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J Surg Res. 2012 Aug;176(2):490-502. doi: 10.1016/j.jss.2011.11.1029. Epub 2011 Dec 15.

Biologic scaffold remodeling in a dog model of complex musculoskeletal injury.

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McGowan Institute for Regenerative Medicine, University of Pittsburgh, Pittsburgh, Pennsylvania 15219, USA.



Current treatment principles for muscle injuries with volumetric loss have been largely derived from empirical observations. Differences in severity or anatomic location have determinant effects on the tissue remodeling outcome. Biologic scaffolds composed of extracellular matrix (ECM) have been successfully used to restore vascularized, innervated, and contractile skeletal muscle in animal models but limited anatomic locations have been evaluated. The aim of this study was to determine the ability of a xenogeneic ECM scaffold to restore functional skeletal muscle in a canine model of a complex quadriceps injury involving bone, tendon, and muscle.


Sixteen dogs were subjected to unilateral resection of the distal third of the vastus lateralis and medial half of the distal third of the vastus medialis muscles including the proximal half of their associated quadriceps tendon. This defect was replaced with a biologic scaffold composed of small intestinal submucosa extracellular matrix (SIS-ECM) and the remodeling response was evaluated at 1, 2, 3, and 6 mo (N = 4 per group).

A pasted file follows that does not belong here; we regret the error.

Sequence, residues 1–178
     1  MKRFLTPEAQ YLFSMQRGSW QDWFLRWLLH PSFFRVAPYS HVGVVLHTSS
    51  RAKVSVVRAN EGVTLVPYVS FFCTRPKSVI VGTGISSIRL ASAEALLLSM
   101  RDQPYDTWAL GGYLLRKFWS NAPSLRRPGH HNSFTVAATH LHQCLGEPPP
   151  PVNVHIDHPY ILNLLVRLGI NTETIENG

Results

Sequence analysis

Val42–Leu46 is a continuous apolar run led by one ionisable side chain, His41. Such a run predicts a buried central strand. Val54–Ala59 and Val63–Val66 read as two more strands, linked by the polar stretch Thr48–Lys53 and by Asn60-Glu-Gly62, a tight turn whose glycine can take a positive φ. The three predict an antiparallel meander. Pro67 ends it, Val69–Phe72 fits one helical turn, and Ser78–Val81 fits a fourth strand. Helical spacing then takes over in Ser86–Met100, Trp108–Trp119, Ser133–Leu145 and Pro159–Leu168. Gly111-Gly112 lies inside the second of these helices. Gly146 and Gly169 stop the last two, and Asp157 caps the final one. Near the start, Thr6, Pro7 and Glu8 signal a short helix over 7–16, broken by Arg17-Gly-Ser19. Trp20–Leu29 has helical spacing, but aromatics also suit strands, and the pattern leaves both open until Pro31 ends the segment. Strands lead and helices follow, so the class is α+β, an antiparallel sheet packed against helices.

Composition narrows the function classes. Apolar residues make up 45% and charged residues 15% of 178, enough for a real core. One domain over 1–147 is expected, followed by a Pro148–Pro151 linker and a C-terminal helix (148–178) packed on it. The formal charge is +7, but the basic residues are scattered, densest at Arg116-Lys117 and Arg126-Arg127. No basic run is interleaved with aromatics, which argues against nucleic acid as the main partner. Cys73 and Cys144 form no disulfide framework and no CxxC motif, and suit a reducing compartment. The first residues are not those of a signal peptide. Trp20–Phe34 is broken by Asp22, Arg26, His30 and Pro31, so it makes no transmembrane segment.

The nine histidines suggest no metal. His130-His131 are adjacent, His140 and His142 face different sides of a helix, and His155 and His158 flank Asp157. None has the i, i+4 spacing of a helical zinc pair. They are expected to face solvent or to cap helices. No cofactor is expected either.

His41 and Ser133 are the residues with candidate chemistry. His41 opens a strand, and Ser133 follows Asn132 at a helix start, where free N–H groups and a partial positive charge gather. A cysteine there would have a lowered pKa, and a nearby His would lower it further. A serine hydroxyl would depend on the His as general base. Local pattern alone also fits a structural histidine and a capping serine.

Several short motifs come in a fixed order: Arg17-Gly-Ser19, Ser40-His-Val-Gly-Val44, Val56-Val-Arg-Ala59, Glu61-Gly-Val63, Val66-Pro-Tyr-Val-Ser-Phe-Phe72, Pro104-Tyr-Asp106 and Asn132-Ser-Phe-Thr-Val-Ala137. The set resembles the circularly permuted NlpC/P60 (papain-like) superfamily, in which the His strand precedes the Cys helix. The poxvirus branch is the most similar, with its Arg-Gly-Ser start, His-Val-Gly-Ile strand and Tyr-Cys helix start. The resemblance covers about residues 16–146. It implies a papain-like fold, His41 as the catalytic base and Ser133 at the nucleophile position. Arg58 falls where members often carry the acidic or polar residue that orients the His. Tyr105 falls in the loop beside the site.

The initial remodeling process followed a similar pattern to other studies of ECM-mediated muscle repair with rapid vascularization and migration of myoblasts into the defect site. However, over time the remodeling response resulted in the formation of dense collagenous tissue with islands of muscle in the segments of the scaffold not in contact with bone, and foci of bone and cartilage in the segments that were adjacent to the underlying bone.


SIS-ECM was not successful at restoring functional muscle tissue in this model. However, the results also suggest that SIS-ECM may have potential to promote integration of soft and boney tissues when implanted in close apposition to bone.

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